• mbrinc ‘be brave’ → attr gimbrinc ‘brave, courageous’
  • ndźáo ‘cook’ → attr gandźáo ‘cooked’
  • bronc ‘regret’ → attr gubronc ‘regretted’
  • kyuc ‘be straight’ → attr gigyuc ‘straight, direct’
  • ksèc ‘lead, guide’ → attr gigzèc ‘guided’


Verbs whose stem contains a minor syllable theoretically also prefix gV-, but the two minor syllables will usually be contracted into a single full syllable. In words of this type with stem-initial b d g, the resulting contractions will be of the shape gu- glV- gi-.

  • ravae ‘drop, cause to fall’ → attr gravae ‘dropped’
  • dinggéc ‘be colorful’ → attr glinggéc ‘colorful’
  • gundùn ‘sew’ → attr gindùn ‘sewn’ (underlying |ɡəjəndùn|)


There are also a few verbs with irregular attributives:

  • mbùn ‘be good, do well’ → attr mùn ‘good’
  • do ‘come (towards something)’ → attr dlo ‘approaching (something)’
  • kyá ‘reach, arrive at’ → attr gíe ‘reached, attained, accomplished’
  • syu ‘meet’ → attr tśa ‘encountered’
  • pwae ‘be red’ → attr gèi ‘red’

Nouns

Nouns in Ronc Tyu are inflected only for number.

Other relevant distinctions are animacy and possession, but these are not marked on the noun itself. Animacy (animate vs. inanimate, a/i) plays a role both for pronoun choice and for the validity of some syntactic constructions, and possession is notable because there is a subclass of nouns which are obligatorily possessed.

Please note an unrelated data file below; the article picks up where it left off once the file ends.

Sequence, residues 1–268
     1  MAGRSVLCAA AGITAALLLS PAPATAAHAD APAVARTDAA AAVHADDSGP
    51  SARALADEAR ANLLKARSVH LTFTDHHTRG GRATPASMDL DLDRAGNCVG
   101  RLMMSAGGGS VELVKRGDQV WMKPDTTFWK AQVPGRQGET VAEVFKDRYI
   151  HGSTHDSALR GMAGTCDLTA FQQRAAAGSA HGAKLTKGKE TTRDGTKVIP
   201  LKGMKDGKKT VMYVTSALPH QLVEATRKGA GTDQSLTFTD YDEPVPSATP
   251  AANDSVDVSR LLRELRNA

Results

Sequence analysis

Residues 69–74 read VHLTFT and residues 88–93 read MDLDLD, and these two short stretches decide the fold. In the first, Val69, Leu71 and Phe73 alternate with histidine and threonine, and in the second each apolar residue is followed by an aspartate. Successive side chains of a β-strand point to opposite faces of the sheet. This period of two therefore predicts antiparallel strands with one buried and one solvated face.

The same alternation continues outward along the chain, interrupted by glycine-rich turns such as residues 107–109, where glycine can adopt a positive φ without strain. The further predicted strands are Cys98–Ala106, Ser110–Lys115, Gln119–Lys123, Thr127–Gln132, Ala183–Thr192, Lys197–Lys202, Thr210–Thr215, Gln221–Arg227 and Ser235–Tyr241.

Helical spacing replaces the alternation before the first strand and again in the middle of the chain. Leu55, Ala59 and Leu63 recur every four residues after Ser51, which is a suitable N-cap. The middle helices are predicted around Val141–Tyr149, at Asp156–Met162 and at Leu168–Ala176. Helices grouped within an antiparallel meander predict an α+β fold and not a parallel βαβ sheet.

Number marking

Countable nouns

Most nouns in Ronc Tyu distinguish singular and plural number (sg/pl). There are several different “regular” ways to form the plural, which are to a certain degree predictable from the phonological shape of the singular form. However, irregular or even suppletive plurals occur in a significant percentage of nouns, likely more than 25%.


Animate nouns whose stressed syllable begins with a single obstruent, optionally preceded by a nasal or fricative, regularly form their plural by infixing -w- after the onset and changing the tone to high. If the onset obstruent is voiced in the singular, it becomes voiceless in the plural, and if the onset obstruent is followed by y in the singular, this y is replaced by the -w- of the plural marker.

  • pei ‘boy, son’ → pl pwéi
  • tèi ‘thumb’ → pl twéi
  • kác ‘male dog, hound’ → pl kwác
  • nggá ‘elephant’ → pl ngkwá
  • fyao ‘friend (of)’ → pl fwáo